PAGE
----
Spiritual revolution is not new; in fact, the authors use the young George Fox as an example, standing up to the religious injustice of his day, turning toward his “inward Light,” and helping found the Religious Society of Friends. The Occupy Generation is building a new and radical spirituality that challenges tradition; it is ecumenical, interspiritual, and post‐traditional. It is contemplative and experience‐based. It starts from life rather than concepts. Practice goes beyond traditional contemplative exercises. People still practice meditation and contemplative prayer, but this new spirituality understands that the journey needs to include good psychology and shadow work, as well as integration of the body through things like yoga, sacred sexuality, and deep human relationships.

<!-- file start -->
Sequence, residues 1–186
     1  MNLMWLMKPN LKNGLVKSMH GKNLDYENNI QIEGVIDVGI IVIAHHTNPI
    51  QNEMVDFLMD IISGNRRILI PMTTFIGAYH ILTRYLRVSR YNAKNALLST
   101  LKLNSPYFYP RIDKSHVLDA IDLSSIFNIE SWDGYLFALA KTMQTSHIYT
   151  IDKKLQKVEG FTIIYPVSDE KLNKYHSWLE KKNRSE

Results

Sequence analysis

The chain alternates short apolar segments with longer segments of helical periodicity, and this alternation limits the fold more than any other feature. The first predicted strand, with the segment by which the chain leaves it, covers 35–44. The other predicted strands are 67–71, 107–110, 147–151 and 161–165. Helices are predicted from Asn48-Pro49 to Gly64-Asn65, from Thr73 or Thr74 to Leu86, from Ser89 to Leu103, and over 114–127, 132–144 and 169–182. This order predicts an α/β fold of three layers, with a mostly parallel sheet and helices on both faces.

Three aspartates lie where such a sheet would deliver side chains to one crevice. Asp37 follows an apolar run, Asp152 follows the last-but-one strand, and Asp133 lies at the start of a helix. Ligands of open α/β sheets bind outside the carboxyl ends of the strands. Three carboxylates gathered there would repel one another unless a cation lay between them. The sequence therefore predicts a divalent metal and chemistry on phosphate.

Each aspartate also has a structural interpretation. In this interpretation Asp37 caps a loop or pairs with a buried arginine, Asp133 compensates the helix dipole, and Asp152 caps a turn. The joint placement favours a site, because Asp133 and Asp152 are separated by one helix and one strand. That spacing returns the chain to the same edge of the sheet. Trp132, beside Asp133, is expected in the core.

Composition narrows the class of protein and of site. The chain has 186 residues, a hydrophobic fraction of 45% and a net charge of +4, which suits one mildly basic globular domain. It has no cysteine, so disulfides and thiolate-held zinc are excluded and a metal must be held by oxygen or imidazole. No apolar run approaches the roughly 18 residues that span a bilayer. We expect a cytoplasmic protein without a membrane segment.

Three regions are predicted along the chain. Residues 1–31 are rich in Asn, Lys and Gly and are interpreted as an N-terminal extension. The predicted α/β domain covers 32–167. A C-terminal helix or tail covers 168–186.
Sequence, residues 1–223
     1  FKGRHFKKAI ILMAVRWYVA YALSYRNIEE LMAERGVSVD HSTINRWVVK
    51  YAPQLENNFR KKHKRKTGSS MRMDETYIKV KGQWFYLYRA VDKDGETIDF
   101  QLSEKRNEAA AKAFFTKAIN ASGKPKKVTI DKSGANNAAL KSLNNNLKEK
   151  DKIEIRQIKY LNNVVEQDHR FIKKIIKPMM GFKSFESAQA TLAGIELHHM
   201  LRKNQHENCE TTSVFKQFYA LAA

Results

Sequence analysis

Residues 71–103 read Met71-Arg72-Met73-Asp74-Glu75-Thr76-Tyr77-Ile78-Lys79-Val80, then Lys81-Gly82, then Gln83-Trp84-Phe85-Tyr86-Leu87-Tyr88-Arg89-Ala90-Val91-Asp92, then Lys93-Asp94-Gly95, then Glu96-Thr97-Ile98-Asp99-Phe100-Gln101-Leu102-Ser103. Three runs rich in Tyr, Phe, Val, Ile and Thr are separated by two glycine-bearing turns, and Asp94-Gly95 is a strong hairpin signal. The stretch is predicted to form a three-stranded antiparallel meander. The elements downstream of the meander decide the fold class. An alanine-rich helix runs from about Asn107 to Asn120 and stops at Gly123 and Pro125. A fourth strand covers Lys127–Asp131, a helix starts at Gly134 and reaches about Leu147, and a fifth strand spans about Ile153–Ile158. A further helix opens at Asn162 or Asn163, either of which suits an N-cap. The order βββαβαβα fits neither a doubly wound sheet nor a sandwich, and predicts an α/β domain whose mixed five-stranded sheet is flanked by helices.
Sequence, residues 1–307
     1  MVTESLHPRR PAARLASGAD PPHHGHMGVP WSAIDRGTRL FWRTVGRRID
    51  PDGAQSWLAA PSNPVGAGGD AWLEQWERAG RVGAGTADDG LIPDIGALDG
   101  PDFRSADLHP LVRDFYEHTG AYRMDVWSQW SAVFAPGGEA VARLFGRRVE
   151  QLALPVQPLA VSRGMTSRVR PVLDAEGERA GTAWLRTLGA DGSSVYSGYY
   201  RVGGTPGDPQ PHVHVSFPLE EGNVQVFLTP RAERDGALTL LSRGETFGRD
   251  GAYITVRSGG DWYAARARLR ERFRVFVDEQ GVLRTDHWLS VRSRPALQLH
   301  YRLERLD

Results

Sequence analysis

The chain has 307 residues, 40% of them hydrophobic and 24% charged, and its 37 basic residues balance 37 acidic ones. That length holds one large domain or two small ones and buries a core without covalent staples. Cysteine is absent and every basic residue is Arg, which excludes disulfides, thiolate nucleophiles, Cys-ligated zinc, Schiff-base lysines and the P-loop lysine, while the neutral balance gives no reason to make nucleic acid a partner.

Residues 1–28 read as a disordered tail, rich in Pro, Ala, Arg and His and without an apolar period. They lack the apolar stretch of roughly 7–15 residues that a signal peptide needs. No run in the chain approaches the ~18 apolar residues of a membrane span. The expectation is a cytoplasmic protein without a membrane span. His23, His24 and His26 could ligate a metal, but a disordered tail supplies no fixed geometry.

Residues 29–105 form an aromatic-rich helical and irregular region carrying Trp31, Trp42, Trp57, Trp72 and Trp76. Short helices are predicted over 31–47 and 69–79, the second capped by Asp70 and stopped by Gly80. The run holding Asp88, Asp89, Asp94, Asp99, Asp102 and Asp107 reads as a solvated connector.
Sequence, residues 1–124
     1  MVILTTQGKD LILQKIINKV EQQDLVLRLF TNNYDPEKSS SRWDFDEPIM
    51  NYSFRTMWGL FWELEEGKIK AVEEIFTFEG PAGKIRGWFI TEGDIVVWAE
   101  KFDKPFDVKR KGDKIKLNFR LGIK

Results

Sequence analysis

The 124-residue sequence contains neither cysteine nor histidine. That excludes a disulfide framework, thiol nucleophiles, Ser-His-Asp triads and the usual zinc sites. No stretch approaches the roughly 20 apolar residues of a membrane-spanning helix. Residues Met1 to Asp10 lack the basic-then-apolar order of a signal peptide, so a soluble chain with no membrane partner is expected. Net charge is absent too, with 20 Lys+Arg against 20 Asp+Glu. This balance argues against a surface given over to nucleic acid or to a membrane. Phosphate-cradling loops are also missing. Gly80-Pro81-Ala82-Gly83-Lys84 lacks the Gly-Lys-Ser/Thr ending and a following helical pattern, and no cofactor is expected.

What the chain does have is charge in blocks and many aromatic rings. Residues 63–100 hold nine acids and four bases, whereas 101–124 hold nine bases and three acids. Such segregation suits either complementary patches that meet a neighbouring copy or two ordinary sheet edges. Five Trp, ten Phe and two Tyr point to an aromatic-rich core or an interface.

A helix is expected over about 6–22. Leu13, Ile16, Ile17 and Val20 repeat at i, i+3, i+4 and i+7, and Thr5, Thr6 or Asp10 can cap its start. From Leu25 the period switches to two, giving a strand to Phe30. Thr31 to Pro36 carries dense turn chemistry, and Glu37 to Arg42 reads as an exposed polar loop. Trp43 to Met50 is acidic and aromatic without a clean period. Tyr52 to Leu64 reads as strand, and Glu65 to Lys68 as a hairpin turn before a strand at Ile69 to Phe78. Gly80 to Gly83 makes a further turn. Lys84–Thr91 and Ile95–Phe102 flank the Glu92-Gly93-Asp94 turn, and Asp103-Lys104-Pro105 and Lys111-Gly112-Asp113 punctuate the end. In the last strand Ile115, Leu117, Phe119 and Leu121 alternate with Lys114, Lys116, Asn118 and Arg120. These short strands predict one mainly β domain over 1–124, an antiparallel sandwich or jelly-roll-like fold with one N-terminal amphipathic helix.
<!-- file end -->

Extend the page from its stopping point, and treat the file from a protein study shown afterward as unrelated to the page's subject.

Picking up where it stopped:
This new spirituality requires action in order to be authentic. But it’s not just about any action: it’s about action that comes from one’s deepest calling. This spirituality does not accept the reality of living a divided life, such as complete withdrawal or a separate career divided from one’s soul and its deepest aspirations. For young people today, the sense of vocation and the sense of a calling become the very doorways into Spirit. So this new spirituality also realizes that the new world can be created only if people incarnate their unique gifts and callings in the world and employ them in the service of compassion and justice.